Credit where credit is due, I saw it first from FromTheGunCounter on IG. If you aren’t following that account you are missing out. Do that.
From the NBC Report,
The 6-3 ruling was the court’s second important decision on the right to “keep and bear arms.” In a landmark 2008 decision, the court said for the first time that the amendment safeguards a person’s right to possess firearms, although the decision was limited to keeping guns at home for self-defense.
The court has now taken that ruling to the next step after years of ducking the issue and applied the Second Amendment beyond the limits of homeowners’ property.
The case involved a New York law that required showing a special need to get a permit to carry a concealed handgun in public. The state bans carrying handguns openly, but it allows residents to apply for licenses to carry them concealed.
The law at issue said, however, that permits could be granted only to applicants who demonstrated some special need — a requirement that went beyond a general desire for self-protection.
In an time and on a day where we are battling again in the halls of Congress against Red Flag legislation that could get very dicey since it just cuts checks to the states and to make their rules, this is a welcome sign of victory.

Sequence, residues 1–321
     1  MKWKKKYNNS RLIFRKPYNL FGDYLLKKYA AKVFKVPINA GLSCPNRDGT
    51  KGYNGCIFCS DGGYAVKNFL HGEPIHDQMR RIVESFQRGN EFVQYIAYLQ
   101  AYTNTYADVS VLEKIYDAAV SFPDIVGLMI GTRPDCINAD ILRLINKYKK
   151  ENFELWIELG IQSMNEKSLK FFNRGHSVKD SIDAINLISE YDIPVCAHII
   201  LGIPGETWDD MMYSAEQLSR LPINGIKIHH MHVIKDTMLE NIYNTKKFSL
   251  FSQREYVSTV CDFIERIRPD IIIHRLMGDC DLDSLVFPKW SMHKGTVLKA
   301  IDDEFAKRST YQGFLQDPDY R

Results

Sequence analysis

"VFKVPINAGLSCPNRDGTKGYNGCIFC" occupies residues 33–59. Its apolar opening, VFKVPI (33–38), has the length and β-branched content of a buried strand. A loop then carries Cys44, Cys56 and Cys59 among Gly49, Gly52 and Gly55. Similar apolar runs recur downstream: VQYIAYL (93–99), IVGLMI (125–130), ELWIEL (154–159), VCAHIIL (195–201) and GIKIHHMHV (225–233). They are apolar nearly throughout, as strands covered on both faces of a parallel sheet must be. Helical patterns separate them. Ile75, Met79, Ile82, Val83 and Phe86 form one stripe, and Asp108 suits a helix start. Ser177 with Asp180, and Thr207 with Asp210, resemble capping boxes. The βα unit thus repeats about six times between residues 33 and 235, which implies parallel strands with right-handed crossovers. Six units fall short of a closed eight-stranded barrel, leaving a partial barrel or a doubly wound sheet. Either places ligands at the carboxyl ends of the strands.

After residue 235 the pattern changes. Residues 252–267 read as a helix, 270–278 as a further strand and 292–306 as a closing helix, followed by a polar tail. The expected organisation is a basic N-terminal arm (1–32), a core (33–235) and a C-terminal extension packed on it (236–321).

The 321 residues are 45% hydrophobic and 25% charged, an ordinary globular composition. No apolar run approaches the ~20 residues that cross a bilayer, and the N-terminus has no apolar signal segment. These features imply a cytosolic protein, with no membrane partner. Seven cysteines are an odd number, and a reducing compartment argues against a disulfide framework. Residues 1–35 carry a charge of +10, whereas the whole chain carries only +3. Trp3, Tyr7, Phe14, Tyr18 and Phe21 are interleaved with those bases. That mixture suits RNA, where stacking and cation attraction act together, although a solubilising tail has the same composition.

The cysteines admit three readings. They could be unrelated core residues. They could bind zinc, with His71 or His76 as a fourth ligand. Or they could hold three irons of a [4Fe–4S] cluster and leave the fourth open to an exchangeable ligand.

The 2nd Amendment applies to a person, not a property. A person is sacrosanct and their right to bear arms goes with them. They need no special permission above and beyond being a citizen or resident in good standing. If there is to be a license to carry a firearm criteria must be clear and evenly applicable with no special discretion granted to the government to deny on a whim.
In short, the entire nation is now a shall issue standard for concealed carry and states with discretion to deny will lose it and need to create an objective standard.
“The constitutional right to bear arms in public for self defense is not ‘a second-class right, subject to an entirely different body of rules than the other Bill of Rights guarantees,’” Justice Clarence Thomas wrote in the majority opinion. “We know of no other constitutional right that an individual may exercise only after demonstrating to government officers some special need.”
New York’s proper-cause requirement violates the Fourteenth Amendment in that it prevents law-abiding citizens with ordinary self-defense needs from exercising their right to keep and bear arms. We therefore reverse the judgment of the Court of Appeals and remand the case for further proceedings consistent with this opinion.
It is so ordered – Opinion of the Court